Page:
Treachery in Death by J.D. Robb
Reviewed by Lori Twichell
Genre: mystery, Sci-Fi, action
Publisher: Putnam Adult
Publication Dates: February 22, 2011
Eve Dallas loves being a cop. She loves the ‘blue line’ and as difficult as it can be sometimes, she does love investigating homicides. Putting the pieces together to bring justice to homicide victims is more than her job. It IS Eve Dallas. So when her partner, Peabody, stumbles across a dirty cop ring in Eve’s precinct, there’s no question that she’s going to do something about it. As she says, “The blue line breaks for wrong cops.”
Instead of working this through her division as she normally does, Dallas has to walk cautiously. How can she get involved in what should be an internal investigation? Her opening comes when one of these dirty cops calls for a hit on an informant, assuming that no one will care about a dead junkie on the street somewhere. It’s set up to look like a suicide, but Dallas knows better and this is where she’s going to drive Renee Oberman absolutely mad.
Oberman, the daughter of a famed and revered police chief, has taken everything that her father held honorable and turned it on its head. Respect, honor, dignity and justice all have completely different meanings for Oberman and Dallas is determined that she’s going to go down.
In this Dallas mystery, Robb takes everything that we’ve learned about Eve Dallas over the past 30+ books and creates the exact mirror image of her in Oberman. In a very literal way, Oberman and Dallas are two nearly identical cops on the opposite sides of everything. Where Dallas is less worried about her clothes and her appearance, Oberman is precise, perfect and always in order. Where Dallas is always concerned about justice and truth, Oberman couldn’t care less. Her world has an order and you must fall into that order.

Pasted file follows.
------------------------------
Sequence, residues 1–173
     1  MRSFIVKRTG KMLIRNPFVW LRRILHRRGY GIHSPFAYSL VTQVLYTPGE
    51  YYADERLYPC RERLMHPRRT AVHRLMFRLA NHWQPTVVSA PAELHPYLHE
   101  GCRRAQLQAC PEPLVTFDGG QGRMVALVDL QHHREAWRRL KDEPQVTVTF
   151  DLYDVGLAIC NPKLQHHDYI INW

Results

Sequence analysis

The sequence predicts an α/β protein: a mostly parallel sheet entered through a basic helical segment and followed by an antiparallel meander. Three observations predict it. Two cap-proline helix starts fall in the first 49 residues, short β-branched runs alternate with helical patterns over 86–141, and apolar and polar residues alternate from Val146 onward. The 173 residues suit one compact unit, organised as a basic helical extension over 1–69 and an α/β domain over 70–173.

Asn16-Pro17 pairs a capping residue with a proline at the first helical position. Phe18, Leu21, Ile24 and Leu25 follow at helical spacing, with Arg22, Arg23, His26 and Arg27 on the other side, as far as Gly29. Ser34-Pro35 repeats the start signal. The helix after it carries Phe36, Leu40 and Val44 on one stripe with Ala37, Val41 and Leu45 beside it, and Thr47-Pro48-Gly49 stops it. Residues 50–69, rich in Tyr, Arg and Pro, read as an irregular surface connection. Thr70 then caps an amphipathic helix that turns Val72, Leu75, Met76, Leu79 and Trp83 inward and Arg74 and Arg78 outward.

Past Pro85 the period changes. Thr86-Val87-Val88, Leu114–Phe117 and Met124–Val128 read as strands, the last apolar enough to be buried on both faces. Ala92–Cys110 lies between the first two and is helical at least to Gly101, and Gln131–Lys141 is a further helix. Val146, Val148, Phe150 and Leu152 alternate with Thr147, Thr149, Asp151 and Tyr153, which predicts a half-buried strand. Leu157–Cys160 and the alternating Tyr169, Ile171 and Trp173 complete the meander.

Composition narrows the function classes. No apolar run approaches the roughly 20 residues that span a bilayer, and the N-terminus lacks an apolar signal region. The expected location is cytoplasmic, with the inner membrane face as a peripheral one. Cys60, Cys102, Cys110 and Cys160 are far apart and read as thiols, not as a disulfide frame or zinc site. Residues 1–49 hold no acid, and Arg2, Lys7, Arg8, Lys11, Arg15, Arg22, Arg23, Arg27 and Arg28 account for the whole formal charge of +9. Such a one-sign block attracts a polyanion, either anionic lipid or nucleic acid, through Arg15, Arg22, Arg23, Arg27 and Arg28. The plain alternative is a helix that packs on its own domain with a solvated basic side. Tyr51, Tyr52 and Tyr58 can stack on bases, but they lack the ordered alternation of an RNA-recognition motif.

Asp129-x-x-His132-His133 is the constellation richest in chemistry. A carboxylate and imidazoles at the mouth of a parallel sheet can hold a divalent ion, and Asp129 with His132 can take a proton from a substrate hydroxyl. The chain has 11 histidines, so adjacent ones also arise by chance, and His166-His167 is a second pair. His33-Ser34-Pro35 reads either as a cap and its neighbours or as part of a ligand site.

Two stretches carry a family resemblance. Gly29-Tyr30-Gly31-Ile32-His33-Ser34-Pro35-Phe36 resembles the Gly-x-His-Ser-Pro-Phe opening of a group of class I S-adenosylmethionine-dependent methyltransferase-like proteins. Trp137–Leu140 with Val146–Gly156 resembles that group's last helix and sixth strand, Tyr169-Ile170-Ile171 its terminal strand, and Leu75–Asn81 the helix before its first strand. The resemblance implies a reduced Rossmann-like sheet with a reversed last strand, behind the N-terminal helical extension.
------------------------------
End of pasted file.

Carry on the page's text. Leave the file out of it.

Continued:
Robb’s storytelling is, much like Oberman’s appearance, precision at its best. Every piece of the puzzle fits together into a glorious end result that will leave you reeling with the adventure you’ve just experienced. If you would have told me six months ago that I would have been delighted and even giggling at a female cat fight witnessed by officers in a police station, I would have categorically insisted that you were wrong. That is not me and it’s not something that I enjoy. Yet Robb’s accounting of these two women is spot on, brilliant, and by the time you’re halfway through this book, you’ll be just as eager as Dallas to see Oberman’s fall.
You would think that with 30+ books in this series alone, that there’s no way Robb can keep up the pace of excellence. She shatters that idea with this book. Though I haven’t read all of the Eve Dallas mysteries, I can say that of the ones that I have read, her books seem to be getting better and better. Treachery in Death was my favorite thus far and I am thrilled to say that Robb appears to be nowhere near slowing down.